Tuesday, April 04, 2006

Carl Trueman on American Idol

I too confess that I watch American Idol.

This is the first season that I have actually watched the deeper competition portion of the show. Usually after all of the hilarious tomfoolery of the initial auditions, where everyone and their great aunt believes (quite mistakenly) that they can sing like Whitney Houston, I lose interest. This year, however, I have hung on and watched most of the proceeding 'rounds'.

I never really stopped to question the attractiveness of such a show, and I'm not sure I would put the same level of generalization on it as my most esteemed professor has done in his most recent article, but I think he does make several very valid and basic points I can certainly get on board with.

It's a great read, and is, as usual, peppered with wonderful British wit and condescension.
After you've read it, please continue....

No, seriously... read that first, or the rest will not make as much sense....

Personally, my fascination with American Idol is two-fold. Where I depart from what Carl Trueman has pointed out, is that coming from my own musical background, I actually am interested in what is happening musically, and vocally on the show. There is a sense in which I am watching the show in order to see if Justice is done, and that those with the best voices are in fact the ones who make it further into the show. I don't vote mind you, and therefore have no say or grounds to complain if justice is not done... but I digress.

I'm not sure if this part of my approach to the show fully departs from the issues Dr. Trueman raises, because I am, at least in part, putting myself as the arbiter of what that Justice would be in this situation. So in a way I am still trying to play God, or at the very least represent him through what I think these people sound like in His ears (still tremendously presumptuous of me).

On the other hand, right along with Dr. Trueman's observations, somewhere deep inside of me, or perhaps not so deep, but also stemming from my own musical background is a deep seated jealousy and longing to be standing in their place. I can't tell you how many times I have found myself singing a hypothetical 'audition' song, or thinking about what would be the best song to perform for said hypothetical audition. Don't get me wrong, I realize I am far past any such things, and I also realize that it would be unlikely that I would get much past the first round, if even that. But that said, I cannot deny the idolatrous lure of that grand scale of what can only be defined as worship. These people are lining up to be worshipped by the American public. The title of the show is no accident, and certainly no coincidence. I can even point to a particular episode in recent weeks where one of the contestants, a professing Christian, sang a praise song for her weekly performance. Afterward, in an attempt to give God glory, she was encouraged, in no uncertain terms, to take some for herself. Now, at first glance even I want to say that I am being overly sensative, and that it is just a TV show. But the more I think about it, it really isn't just a TV show, and its puprposes are far less nuetral than any of us would probably like to admit. Of course, no one is saying that Simon Cowell is consciously promoting a format of organized idol worship. The fact of the matter is that he doesn't have to. We are all more than willing to make it all of that on our own, which is the heart of what Dr. Trueman is getting at.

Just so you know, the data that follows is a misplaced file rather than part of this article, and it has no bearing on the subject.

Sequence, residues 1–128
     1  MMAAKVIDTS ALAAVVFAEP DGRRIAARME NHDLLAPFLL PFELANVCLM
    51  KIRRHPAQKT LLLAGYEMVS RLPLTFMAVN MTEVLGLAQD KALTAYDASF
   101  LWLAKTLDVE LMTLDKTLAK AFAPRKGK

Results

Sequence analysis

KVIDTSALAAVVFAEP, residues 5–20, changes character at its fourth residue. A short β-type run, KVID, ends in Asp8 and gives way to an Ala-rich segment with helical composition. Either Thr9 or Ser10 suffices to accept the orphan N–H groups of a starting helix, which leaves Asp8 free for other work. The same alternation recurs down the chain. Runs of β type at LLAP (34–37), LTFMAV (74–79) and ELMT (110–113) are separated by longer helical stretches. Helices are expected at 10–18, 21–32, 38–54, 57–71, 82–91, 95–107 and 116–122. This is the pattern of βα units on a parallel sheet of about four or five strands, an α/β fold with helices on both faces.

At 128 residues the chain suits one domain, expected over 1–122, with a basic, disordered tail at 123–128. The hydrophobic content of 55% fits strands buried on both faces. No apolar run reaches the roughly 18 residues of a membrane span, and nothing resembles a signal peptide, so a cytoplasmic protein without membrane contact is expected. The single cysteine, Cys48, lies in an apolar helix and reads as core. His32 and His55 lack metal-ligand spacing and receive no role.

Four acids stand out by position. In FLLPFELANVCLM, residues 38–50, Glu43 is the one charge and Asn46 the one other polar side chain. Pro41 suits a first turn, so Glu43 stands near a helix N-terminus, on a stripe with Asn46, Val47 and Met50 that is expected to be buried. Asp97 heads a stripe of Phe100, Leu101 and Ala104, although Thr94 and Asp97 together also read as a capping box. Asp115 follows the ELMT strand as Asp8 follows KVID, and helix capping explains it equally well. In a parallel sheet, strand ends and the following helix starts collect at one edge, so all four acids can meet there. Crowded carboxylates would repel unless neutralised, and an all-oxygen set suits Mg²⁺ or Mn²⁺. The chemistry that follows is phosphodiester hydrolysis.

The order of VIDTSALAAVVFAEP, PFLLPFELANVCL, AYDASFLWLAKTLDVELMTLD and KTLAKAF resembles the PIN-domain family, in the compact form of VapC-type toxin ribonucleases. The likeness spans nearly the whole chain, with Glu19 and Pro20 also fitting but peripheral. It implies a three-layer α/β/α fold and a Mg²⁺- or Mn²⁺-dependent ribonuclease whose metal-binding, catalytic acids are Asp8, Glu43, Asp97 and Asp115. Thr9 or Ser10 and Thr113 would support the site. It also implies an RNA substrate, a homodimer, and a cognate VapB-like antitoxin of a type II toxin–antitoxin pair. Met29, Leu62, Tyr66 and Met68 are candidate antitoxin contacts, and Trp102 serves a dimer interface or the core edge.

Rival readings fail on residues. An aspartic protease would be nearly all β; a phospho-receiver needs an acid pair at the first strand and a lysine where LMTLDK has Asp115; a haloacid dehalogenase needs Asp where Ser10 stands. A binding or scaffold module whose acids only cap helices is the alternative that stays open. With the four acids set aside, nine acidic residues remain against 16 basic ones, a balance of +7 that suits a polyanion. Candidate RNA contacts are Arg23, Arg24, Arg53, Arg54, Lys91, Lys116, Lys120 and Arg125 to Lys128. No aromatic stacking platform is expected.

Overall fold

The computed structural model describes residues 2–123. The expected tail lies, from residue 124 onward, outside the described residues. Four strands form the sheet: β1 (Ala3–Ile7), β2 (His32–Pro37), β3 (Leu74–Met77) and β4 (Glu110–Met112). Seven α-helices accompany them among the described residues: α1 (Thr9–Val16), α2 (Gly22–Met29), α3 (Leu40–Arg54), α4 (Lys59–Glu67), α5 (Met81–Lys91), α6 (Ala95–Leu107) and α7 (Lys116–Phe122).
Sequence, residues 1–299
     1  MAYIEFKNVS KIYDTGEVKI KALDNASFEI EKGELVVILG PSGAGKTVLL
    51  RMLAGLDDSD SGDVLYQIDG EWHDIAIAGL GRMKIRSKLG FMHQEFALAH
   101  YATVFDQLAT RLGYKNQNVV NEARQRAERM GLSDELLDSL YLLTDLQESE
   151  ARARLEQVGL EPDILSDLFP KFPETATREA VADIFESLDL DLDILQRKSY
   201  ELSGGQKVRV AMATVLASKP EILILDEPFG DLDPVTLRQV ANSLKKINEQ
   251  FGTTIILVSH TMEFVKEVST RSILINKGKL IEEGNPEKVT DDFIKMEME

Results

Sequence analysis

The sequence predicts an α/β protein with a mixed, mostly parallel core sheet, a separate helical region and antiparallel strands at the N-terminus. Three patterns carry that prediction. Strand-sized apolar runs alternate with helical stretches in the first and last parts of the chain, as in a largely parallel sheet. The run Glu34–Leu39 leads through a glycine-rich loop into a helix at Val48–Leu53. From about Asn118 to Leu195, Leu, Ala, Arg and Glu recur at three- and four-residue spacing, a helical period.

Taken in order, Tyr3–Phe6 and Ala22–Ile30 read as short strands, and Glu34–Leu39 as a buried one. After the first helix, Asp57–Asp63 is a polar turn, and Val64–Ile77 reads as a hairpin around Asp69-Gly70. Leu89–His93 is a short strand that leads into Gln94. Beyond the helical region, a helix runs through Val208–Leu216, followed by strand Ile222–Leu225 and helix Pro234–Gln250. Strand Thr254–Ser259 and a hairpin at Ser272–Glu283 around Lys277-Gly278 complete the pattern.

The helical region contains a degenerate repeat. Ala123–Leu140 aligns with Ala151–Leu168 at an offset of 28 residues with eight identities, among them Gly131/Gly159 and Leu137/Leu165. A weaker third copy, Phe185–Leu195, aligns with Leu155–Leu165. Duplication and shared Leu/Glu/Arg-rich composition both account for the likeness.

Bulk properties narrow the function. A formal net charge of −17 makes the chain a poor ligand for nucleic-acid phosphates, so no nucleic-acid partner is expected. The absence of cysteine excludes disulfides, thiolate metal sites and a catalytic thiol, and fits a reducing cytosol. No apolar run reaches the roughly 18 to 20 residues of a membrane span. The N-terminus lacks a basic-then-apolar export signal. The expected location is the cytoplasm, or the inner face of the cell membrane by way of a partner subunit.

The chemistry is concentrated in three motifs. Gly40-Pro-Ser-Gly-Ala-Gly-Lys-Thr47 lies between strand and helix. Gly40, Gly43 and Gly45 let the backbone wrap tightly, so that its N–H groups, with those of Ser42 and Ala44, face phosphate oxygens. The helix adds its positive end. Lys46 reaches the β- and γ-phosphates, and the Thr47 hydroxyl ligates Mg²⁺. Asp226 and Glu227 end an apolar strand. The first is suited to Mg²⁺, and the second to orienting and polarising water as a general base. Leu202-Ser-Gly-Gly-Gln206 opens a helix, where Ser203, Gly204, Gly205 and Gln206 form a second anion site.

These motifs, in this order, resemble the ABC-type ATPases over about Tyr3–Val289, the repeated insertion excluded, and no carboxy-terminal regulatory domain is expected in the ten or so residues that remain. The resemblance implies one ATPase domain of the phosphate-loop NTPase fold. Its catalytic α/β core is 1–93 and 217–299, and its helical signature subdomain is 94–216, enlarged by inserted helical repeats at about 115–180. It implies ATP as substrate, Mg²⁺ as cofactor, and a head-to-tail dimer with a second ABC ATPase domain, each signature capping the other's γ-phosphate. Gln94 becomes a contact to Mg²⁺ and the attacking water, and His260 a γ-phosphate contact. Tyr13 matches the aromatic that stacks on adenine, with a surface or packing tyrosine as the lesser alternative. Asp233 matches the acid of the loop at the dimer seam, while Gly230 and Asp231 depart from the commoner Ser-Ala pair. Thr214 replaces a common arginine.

The reason why it is a temptation, and the reason why we are so attracted to this show and those like it is because we all have within us the ultimate desire to put ourselves above all others and to receive their worship - to receive that which is set aside for God alone, to take His place, and to receive the love of His creation, the adulation and glory of the masses, that should only be directed at the one who alone is worthy: Jesus Christ.

This kind of temptation is something that myself and those like me will have to face and defeat (if not already doing so) as we head out of seminary and into the pulpits of Christ's Church. It may not be the mass of millions of music buying Americans, but the temptation to seek and pursue for ourselves the glory that belongs to Christ will be just as powerful in our local congregations as it would be standing on that stage before the countless eyes of the TV viewing public.

Personally, I already see this as one of my first and most difficult struggles in the months and years to come. So this is a warning for myself and all who are looking to serve Christ's Church...

God will not give His glory to another. (Isaiah 48:11)

1 comment:

Luke said...

You said tomfoolery...that's hilarious. And American Idol sucks.